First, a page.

The Defense Department is finishing up guidance that addresses which civilian jobs it plans to exempt from President Trump’s hiring freeze, according to a spokesman.
The departmentwide guidance “will provide additional information with respect to exemptions related to the department’s national security and public safety responsibilities,” said Pentagon spokesman Johnny Michael by email.
Trump’s Jan. 23 presidential memorandum authorizing the freeze said that agency heads “may exempt from the hiring freeze any positions that it deems necessary to meet national security or public safety responsibilities.” The freeze “applies to all executive departments and agencies regardless of the sources of their operational and programmatic funding,” the order stated. It does not apply to military personnel.
So far, the Veterans Affairs Department is the only major department to release guidance on which positions it will exempt from the freeze.
Eight senators from states with Navy shipyards sent a Jan. 26 letter to Defense Secretary James Mattis urging him to exempt Navy shipyard civilian jobs from the hiring freeze.
“The public shipyards are currently hiring hundreds of new employees who must complete years of training before they are able to maintain and repair naval vessels,” wrote the group of lawmakers. “A civilian hiring freeze at naval shipyards will severely impact this training pipeline resulting in maintenance delays and higher costs. The presidential memorandum states that the freeze is not intended to impact national security; however, freezing the hiring of civilian employees who will support critical fleet maintenance will directly undermine national security.”The letter was signed by Republican Susan Collins; Independent Angus King of Maine; and Democrats Maria Cantwell and Patty Murray of Washington, Mazie Hirono and Brian Schatz of Hawaii, and Maggie Hassan and Jeanne Shaheen of New Hampshire.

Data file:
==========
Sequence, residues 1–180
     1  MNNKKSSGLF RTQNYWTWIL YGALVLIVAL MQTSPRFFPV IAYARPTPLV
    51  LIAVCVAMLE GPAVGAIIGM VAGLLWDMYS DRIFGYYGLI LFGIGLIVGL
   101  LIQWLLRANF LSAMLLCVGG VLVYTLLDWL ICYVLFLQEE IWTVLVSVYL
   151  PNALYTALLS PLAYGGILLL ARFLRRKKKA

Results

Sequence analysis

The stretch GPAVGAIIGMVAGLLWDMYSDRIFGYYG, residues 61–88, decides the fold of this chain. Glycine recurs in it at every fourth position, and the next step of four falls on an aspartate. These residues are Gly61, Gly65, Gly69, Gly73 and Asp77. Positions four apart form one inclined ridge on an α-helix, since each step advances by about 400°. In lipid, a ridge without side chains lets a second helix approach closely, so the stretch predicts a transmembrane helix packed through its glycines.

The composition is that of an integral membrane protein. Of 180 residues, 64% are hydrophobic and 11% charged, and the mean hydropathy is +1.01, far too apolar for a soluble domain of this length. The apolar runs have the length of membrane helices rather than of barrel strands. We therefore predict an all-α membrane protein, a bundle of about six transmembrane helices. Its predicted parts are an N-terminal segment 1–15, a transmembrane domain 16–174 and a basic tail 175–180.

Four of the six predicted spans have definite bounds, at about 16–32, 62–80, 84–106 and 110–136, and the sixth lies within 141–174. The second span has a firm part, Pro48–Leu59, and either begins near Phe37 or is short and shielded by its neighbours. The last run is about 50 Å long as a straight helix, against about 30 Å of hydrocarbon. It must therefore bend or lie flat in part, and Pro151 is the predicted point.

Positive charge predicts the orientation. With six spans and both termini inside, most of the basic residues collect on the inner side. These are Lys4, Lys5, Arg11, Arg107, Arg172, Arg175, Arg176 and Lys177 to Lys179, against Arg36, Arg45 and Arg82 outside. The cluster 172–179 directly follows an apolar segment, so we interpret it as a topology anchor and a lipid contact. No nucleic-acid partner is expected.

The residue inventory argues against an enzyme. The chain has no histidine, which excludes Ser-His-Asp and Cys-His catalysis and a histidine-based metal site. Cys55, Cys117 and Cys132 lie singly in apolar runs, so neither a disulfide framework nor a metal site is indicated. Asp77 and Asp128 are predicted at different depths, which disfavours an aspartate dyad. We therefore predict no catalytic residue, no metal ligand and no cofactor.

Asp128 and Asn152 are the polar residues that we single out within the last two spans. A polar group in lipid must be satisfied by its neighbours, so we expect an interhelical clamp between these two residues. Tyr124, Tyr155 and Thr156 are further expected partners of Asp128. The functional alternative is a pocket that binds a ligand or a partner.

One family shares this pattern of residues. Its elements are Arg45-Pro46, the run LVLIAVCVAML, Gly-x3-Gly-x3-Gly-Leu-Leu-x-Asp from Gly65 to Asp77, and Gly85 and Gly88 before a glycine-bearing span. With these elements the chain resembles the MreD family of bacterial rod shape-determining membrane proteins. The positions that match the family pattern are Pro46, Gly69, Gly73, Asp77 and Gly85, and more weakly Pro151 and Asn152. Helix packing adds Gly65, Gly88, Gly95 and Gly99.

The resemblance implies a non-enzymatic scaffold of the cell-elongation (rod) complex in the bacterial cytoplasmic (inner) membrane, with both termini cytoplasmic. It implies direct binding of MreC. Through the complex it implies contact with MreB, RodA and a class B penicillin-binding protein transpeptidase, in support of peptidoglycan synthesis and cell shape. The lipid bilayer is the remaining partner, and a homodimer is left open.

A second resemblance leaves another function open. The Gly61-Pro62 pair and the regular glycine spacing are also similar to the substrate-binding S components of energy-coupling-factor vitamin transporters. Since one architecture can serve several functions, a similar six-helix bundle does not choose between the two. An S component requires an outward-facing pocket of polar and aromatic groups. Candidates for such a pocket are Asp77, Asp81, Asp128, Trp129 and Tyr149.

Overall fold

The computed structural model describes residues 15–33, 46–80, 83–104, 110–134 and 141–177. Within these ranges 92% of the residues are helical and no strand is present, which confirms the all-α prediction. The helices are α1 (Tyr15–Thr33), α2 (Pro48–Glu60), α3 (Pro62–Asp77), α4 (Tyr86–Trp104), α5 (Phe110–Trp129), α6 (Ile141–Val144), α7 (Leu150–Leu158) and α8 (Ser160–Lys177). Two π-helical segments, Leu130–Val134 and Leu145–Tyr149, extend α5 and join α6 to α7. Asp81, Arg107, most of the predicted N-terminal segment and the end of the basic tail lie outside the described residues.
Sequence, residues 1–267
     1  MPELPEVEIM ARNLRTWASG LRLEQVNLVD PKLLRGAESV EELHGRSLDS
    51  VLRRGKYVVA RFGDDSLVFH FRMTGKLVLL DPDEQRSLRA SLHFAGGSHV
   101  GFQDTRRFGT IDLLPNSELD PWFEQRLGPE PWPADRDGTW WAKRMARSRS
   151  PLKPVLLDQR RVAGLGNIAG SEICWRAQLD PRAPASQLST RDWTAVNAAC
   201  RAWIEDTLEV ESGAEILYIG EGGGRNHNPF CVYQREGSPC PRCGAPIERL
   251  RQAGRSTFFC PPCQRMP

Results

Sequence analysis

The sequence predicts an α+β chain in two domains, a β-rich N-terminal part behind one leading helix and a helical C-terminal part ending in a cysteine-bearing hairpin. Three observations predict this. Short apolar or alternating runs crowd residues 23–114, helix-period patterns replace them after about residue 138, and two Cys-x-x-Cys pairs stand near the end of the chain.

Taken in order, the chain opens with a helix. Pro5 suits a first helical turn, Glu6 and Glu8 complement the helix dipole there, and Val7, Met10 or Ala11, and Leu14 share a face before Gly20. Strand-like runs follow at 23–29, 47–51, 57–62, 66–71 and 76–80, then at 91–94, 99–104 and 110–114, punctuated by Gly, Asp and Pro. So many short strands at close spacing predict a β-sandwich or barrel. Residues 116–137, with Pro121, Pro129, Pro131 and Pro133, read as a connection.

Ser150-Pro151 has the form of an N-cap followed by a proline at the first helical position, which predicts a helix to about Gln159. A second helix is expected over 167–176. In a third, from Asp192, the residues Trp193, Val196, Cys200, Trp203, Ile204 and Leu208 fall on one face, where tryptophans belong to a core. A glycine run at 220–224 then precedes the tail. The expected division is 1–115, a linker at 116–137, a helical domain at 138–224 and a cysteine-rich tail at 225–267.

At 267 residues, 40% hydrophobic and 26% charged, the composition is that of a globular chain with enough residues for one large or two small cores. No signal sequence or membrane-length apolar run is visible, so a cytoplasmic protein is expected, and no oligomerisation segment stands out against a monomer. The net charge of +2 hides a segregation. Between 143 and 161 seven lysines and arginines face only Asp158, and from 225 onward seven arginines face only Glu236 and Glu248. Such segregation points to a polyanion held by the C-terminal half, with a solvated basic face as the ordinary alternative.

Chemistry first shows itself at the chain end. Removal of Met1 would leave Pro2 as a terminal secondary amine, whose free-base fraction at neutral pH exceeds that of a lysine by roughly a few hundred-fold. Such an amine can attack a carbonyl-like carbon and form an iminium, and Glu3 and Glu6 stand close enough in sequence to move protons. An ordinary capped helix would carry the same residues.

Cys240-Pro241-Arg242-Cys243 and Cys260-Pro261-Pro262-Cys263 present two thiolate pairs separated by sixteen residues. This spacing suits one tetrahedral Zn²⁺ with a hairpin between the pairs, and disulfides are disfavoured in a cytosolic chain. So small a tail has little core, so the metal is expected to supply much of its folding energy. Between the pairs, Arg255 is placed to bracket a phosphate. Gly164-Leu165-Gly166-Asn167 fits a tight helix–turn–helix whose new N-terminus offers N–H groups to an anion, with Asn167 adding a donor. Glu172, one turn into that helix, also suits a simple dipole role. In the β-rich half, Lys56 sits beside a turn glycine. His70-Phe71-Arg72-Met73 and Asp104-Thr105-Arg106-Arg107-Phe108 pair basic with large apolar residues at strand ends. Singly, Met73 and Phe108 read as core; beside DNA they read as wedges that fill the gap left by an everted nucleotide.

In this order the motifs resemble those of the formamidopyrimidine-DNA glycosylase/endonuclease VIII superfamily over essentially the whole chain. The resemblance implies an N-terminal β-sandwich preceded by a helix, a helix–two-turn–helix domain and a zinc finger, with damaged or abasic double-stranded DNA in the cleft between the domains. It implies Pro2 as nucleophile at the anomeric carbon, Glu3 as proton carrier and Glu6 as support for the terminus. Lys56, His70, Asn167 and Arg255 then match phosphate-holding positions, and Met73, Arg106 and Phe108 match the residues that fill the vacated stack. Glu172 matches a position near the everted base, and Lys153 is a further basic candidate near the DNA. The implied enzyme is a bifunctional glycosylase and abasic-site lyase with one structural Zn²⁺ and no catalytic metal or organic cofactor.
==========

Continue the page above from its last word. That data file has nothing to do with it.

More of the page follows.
The senators noted that exempting naval shipyard civilian employees was “not without precedent,” citing a 2013 memorandum from then-Defense Secretary Chuck Hagel that exempted those workers from sequestration-related furloughs to avoid critical delays in maintenance on nuclear vessels.
Ryan Nickel, a spokesman for Sen. Jeanne Shaheen, said on Monday that the office had not heard yet from Defense on the matter. “There’s no additional guidance that I’m aware of,” Nickel said.
The forthcoming DoD-wide guidance will help the department’s HR personnel determine how to handle civilian job vacancies during the length of the hiring freeze. The naval shipyard positions are likely to be exempted, according to one person familiar with the matter.
In addition to national security and public safety exemptions, another limit on executive branch hiring freezes exists, according to the Congressional Research Service. A Jan. 26 CRS analysis on Trump’s hiring freeze said that if “Congress appropriates specific funds for the hiring of civil service members, and those funds have not been disbursed before a hiring freeze, for example, that freeze might contradict the terms of the appropriation. Similarly, the Impoundment Control Act obligates the president to spend appropriated funds absent a bill rescinding those funds. Without the passing of such a bill, it could be argued that a hiring freeze that prevented appropriated funds from being spent could violate the act.”
The Federation of American Scientists published the CRS report.